What to expect and how to prepare
Whether you have epilepsy, or care for someone who does, this document is designed to provide information to help you prepare for your GP or specialist review. Our goal is to put the person with epilepsy at the centre of their care and management.
- Why is a review important?
To make sure that you are receiving the best quality of care, it is important that your epilepsy is kept under review, even if you feel your epilepsy is well controlled. There may be medical or lifestyle issues that could affect your epilepsy and your doctor will need to be kept up-to-date.
- Who will conduct the review?
If you are an adult, your GP surgery should invite you to a review every twelve months, however you may contact your doctor at any time to discuss your epilepsy. Depending on your circumstances, it may be agreed that you are reviewed by a specialist, in which case, your GP can refer you. A specialist may be a neurologist, a doctor with a specialist interest, or a specialist nurse.
Guidelines suggest the following criteria for review with a specialist:
– You are newly diagnosed
– Control of your epilepsy is not as good as it could be
– If you are planning a pregnancy or are pregnant
– If you are considering changes to your medication, or coming off a particular medication
It is recommended that children and young people are reviewed by a specialist. This review should be ‘at least yearly, but may be between three and twelve months, by arrangement.’
- What may be discussed?
Your doctor may ask you whether there has been any change in your seizures, and whether there has been any change in pattern or frequency. If you have been having seizures, they may want you to describe them and identify anything that you think might have been a trigger.
Epilepsy can be a very complex condition and changes in lifestyle such as stress at school/work, bereavements, other health conditions and changes in medication can all have an impact on seizures. The more information you can give the better.
Your doctor may also want to know any medication you are on, and the dose, including anti-epileptic drugs, over-the-counter medications, and any drugs you take for other reasons. If you are experiencing any side effects that you believe may be due to your medication, you should mention this.
If you are a woman of childbearing age, your doctor may discuss the potential effect of pregnancy on your seizures. If you are planning pregnancy, you should be given information on the potential risk to the baby due to certain drugs, and the potential risk to both yourself and the foetus of stopping medication.
Remember, if you become pregnant, whether or not this was planned, you should seek expert medical advice as soon as possible to help you decide what is best to do.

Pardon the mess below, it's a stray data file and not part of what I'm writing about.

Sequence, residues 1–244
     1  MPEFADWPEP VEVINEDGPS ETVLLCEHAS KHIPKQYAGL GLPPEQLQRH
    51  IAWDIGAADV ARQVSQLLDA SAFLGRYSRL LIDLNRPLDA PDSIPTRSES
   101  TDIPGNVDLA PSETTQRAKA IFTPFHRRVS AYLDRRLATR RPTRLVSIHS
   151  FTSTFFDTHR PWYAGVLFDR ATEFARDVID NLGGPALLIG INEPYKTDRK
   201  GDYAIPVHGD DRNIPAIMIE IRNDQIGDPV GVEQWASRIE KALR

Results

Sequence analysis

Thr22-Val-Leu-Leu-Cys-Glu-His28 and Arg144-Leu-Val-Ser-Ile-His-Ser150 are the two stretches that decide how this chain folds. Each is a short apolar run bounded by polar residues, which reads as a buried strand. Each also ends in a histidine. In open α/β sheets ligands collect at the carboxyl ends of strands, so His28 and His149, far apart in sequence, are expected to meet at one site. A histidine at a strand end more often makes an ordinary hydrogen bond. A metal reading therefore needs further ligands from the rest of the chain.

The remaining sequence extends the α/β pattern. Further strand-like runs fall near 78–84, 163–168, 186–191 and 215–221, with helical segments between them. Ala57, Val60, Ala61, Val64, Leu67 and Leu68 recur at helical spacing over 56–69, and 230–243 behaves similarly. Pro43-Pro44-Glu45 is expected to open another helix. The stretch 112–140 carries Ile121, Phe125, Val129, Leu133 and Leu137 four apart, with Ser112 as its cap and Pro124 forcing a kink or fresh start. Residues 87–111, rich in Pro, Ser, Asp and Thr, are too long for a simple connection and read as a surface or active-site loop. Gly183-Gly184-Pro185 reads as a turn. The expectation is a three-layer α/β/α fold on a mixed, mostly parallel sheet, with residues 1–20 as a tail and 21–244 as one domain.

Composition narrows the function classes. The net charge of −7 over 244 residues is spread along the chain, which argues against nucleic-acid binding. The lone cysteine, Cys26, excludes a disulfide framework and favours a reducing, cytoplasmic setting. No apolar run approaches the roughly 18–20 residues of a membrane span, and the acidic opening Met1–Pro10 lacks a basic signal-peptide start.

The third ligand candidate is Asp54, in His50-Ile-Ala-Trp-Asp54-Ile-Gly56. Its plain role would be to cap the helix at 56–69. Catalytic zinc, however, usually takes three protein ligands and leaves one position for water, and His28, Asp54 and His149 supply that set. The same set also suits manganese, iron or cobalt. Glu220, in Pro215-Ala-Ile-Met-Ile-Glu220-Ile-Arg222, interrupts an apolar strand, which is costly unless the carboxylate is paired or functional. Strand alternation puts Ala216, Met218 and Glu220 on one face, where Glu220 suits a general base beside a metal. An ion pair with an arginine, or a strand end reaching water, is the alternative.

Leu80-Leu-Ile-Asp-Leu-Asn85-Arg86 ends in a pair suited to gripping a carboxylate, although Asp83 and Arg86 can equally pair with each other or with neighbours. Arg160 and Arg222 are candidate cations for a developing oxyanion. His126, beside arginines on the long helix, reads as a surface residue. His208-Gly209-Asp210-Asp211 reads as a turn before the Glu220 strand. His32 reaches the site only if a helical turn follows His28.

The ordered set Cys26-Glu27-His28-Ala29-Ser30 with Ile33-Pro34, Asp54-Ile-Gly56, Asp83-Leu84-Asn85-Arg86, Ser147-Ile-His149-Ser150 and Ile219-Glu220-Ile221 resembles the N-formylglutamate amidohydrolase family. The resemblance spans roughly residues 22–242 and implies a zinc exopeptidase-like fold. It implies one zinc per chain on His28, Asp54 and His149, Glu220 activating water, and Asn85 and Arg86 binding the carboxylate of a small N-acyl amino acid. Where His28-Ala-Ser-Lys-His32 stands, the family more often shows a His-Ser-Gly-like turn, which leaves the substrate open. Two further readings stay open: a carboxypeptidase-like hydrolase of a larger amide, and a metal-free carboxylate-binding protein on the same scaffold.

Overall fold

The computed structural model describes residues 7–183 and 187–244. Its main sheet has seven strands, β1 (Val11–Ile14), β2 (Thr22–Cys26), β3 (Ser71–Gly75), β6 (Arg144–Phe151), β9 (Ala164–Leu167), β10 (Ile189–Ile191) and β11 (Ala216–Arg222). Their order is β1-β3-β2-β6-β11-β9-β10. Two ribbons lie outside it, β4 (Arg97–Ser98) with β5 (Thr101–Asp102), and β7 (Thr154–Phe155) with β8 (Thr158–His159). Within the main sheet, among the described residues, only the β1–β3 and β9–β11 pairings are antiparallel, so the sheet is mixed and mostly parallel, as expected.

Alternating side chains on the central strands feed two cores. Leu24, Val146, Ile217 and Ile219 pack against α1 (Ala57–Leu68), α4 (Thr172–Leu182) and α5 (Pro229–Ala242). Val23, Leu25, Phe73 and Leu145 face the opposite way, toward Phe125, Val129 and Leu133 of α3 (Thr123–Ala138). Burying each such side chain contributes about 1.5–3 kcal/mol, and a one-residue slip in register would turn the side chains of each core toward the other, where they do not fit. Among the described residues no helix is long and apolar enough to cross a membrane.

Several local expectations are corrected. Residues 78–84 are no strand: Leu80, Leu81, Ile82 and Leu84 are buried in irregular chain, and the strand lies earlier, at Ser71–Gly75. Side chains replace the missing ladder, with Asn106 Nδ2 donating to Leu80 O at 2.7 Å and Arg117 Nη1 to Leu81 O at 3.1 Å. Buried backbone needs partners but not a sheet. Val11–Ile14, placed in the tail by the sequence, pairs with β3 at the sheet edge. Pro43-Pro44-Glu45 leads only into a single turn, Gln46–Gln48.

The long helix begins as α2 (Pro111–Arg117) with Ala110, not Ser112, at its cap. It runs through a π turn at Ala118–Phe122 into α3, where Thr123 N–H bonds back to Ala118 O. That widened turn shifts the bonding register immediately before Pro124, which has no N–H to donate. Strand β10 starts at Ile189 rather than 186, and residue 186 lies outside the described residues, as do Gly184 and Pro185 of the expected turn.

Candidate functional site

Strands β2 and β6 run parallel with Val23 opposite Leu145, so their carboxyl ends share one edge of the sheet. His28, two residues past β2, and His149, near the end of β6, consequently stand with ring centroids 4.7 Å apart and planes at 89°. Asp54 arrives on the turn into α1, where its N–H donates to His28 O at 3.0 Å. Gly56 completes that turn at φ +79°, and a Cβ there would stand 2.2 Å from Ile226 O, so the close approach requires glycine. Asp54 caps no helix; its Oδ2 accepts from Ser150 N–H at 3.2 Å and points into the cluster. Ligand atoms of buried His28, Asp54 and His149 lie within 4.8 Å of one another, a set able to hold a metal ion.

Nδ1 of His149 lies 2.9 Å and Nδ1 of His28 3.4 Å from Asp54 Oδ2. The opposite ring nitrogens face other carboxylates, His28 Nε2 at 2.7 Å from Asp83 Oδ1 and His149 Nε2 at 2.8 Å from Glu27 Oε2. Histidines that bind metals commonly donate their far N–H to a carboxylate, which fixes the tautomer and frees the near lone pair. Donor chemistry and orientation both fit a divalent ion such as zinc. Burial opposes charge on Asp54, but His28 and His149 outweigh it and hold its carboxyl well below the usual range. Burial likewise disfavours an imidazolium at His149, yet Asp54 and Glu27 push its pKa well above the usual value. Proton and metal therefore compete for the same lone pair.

Your doctor may also want to discuss contraception issues. Some AEDs can interact with certain contraceptive methods, for example the Pill. This may make it more likely that you could become pregnant, or make it more likely that you could have a seizure.
What questions should I ask?
You should feel free to discuss any aspect of your epilepsy with your doctor, and to talk about any worries that you have. You may find it helpful to write down any concerns before the appointment. If you feel that your questions or worries have not been answered, you should mention this, and ask for another appointment if necessary. If your doctor cannot answer your questions, they will direct you to another organisation that can help.
Common concerns can include:
– Side effects of drugs
– Driving regulations
– Prognosis, (will I get better or worse as I get older)
– Issues about pregnancy
– Employment and Support
– Education (if you have a child with epilepsy)
– Benefit entitlement
– The possibility of other treatments that may be more effective
– First aid and Safety
– Travelling abroad and insurance
– Support and information from other organisations
- How should I prepare for my review?
There could be several issues that either you or your doctor may want to discuss, and as time is limited in any appointment, you may find it helpful to write down a list of concerns or issues you want to talk about.
If you have had any seizures, it is useful to write down any information, including:
– any possible triggers, (including missed medication)
– what you can remember before, during and after the seizure
– any injuries that you have sustained
– any eyewitness accounts, as detailed as possible
– how frequently you are having seizures
Diagnosis and management of epilepsy is reliant on detailed information given by patients and eyewitnesses. If necessary, you should take someone with you who has witnessed your seizures. This is particularly important if your seizures have changed since your last review.
Your doctor may want to know what medication you are on, and what dose, so you should take your repeat prescription to provide a complete list.
Remember, a review is a chance for you to take a lead in the management of your epilepsy care and to get answers to any questions you may have. No one knows your epilepsy as well as you, so it is important that you can give accurate information, whether in the management of your own epilepsy, or on behalf of a family member.
If you would like any more information or support, please call us on our free, confidential helpline on
0800 228 9016
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